In this study BLL, serum vitamin D, calcium, phosphorous, and iPTH were estimated and compared between Pb exposed subjects and control subjects. We observed a significantly high BLL in Pb exposed subjects as compared to the control subjects. Our findings were in tandem to the previous studies from different parts of India, wherein high BLLs were reported among the occupationally exposed subjects, and the values ranged from 25.26 to 65.50 μg/dl.[12],[14],[15] Basit et al.[16] and Ahmad et al.[17] from Pakistan, and Ahmad Akhter et al.[18] from Bangladesh also had similar observations and reported significantly high BLLs among the occupationally exposed workers. In our study, the mean BLL among the lead-exposed subjects was found to be 38.02 ± 19.92 μg/dl and corroborates well with the previous national and international studies. The BLL depends on the equilibrium between absorption, storage, and excretion. Over 95% of blood Pb is bound to the erythrocytes and seems to be in dynamic equilibrium with plasma Pb.[19] It has a short half-life in blood (28–36 h) and, hence, blood Pb concentrations are currently regarded as the best and most reliable biomarker for identifying Pb pollution, current exposure, and adverse effects.

As the duration of Pb exposure increases, it also increases the body burden of Pb. Similarly, in our study also the duration of exposure positively impacted the BLL, and the Pb exposed subjects who had exposure to Pb for longer duration (>8 years) had higher BLL compared to the subjects who were exposed for shorter duration (<8 years). The finding was in parallel with the previous studies, wherein the prolonged duration of exposure was reported to have been associated with high BLL and consequently may have significant effects on central nervous, hematopoietic, renal, gastrointestinal, cardiovascular, and reproductive systems, bone-mineral metabolism, etc.[9],[20]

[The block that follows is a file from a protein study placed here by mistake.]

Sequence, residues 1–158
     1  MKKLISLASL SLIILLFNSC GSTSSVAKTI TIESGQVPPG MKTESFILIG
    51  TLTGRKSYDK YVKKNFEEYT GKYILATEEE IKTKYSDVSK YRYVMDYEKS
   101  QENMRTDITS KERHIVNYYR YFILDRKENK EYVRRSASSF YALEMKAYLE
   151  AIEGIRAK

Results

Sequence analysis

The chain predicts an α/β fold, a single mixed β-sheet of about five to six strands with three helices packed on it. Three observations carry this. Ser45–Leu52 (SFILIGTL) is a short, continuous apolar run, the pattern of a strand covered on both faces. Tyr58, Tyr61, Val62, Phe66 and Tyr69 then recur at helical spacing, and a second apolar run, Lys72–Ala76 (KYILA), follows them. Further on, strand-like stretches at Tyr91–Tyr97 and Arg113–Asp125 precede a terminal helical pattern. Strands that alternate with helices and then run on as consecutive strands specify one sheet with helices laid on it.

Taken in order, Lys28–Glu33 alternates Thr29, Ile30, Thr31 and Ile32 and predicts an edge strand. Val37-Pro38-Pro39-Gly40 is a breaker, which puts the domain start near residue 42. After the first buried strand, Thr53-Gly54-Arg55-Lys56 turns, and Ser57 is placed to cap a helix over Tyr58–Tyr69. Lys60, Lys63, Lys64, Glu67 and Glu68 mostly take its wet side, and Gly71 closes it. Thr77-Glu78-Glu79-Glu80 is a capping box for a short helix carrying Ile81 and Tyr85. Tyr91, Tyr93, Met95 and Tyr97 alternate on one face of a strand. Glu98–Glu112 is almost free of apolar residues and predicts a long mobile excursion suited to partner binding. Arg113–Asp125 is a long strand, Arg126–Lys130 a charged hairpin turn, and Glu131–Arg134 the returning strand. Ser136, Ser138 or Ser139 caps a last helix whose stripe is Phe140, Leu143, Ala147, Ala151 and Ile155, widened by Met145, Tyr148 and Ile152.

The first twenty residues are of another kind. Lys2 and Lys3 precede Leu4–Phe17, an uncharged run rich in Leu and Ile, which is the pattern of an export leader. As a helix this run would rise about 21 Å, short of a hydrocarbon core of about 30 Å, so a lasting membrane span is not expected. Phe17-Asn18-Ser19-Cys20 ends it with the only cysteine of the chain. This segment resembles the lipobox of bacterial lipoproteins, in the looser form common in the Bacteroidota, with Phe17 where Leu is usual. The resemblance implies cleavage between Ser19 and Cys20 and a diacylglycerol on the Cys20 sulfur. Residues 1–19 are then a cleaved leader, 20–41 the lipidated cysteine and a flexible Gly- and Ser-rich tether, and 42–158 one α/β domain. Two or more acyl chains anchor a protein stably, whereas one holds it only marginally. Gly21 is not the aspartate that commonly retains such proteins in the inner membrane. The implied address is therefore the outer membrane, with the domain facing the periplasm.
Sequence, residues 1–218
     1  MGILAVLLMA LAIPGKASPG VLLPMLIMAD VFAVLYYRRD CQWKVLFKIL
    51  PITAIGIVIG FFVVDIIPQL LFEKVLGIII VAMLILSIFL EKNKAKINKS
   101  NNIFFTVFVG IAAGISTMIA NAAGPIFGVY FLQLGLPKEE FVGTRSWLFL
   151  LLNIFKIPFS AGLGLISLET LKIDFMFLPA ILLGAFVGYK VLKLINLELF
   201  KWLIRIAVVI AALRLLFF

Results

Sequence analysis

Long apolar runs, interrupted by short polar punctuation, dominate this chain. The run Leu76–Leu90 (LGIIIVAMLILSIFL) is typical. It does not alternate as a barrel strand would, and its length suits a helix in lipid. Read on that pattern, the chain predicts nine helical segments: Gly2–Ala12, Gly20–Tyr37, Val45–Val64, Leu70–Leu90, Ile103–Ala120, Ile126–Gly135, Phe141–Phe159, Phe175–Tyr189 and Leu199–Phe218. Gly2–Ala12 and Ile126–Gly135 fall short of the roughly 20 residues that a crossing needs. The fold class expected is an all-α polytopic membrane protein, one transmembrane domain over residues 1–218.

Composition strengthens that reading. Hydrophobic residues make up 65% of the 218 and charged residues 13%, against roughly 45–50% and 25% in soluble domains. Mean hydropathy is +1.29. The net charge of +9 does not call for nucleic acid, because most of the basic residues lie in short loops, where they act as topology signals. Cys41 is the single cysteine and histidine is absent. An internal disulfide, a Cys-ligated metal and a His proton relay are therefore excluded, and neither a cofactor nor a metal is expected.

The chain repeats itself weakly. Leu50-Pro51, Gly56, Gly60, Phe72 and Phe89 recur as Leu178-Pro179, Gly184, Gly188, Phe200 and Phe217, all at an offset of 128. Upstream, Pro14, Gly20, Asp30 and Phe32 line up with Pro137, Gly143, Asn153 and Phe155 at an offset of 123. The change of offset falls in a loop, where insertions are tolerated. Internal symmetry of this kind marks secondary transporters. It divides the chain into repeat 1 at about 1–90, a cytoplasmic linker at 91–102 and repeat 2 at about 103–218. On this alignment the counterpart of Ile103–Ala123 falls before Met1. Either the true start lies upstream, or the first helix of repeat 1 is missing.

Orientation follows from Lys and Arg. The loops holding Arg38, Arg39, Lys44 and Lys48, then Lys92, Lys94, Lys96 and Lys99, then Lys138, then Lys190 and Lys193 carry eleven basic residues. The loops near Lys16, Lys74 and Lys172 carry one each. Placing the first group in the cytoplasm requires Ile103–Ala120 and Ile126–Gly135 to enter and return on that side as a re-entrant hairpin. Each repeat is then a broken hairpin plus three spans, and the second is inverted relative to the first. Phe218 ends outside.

We further observed that serum calcium, phosphorous, and vitamin D levels were significantly lower and the serum iPTH levels were significantly higher among the Pb exposed subjects when compared to the control subjects [Table 2]. As high BLL has been suggested to cause disruption of renal hydroxylation of 25OH-Vitamin D by 1- α hydroxylase enzyme, there is a decrease in the production of the active form of vitamin D, i.e. 1,25 (OH)2D.[21] This consequently leads to reduced calcium levels. Thus, Pb interferes with various vitamin D functions involved in calcium balance and metabolism in various tissue and organs.[22] Normally active vitamin D3(calcitriol) plays a crucial role to maintain homeostasis of calcium and phosphorous metabolism. It stimulates the synthesis of calcium-binding proteins in intestine, which are required for intestinal absorption of calcium. Moreover, it also facilitates absorption of calcium and phosphorous at renal tubules. Increased BLL may decrease calcitriol concentration resulting in hypocalcemia and hypophosphatemia.[23],[24] Elevated BLL also cause perturbation of PTH,[25] which has more direct effect on serum calcium and in the state of hypocalcemia, PTH secretion is stimulated which leads to increased serum PTH levels. Thus, it indicates that Pb is an endocrine modulator and can possibly be responsible for endocrine disturbances. Thus, in the present study, high BLL might have led to decreased vitamin D levels which, in turn, lead to decrease in serum calcium and phosphorous levels and increase in iPTH in blood of the Pb exposed subjects.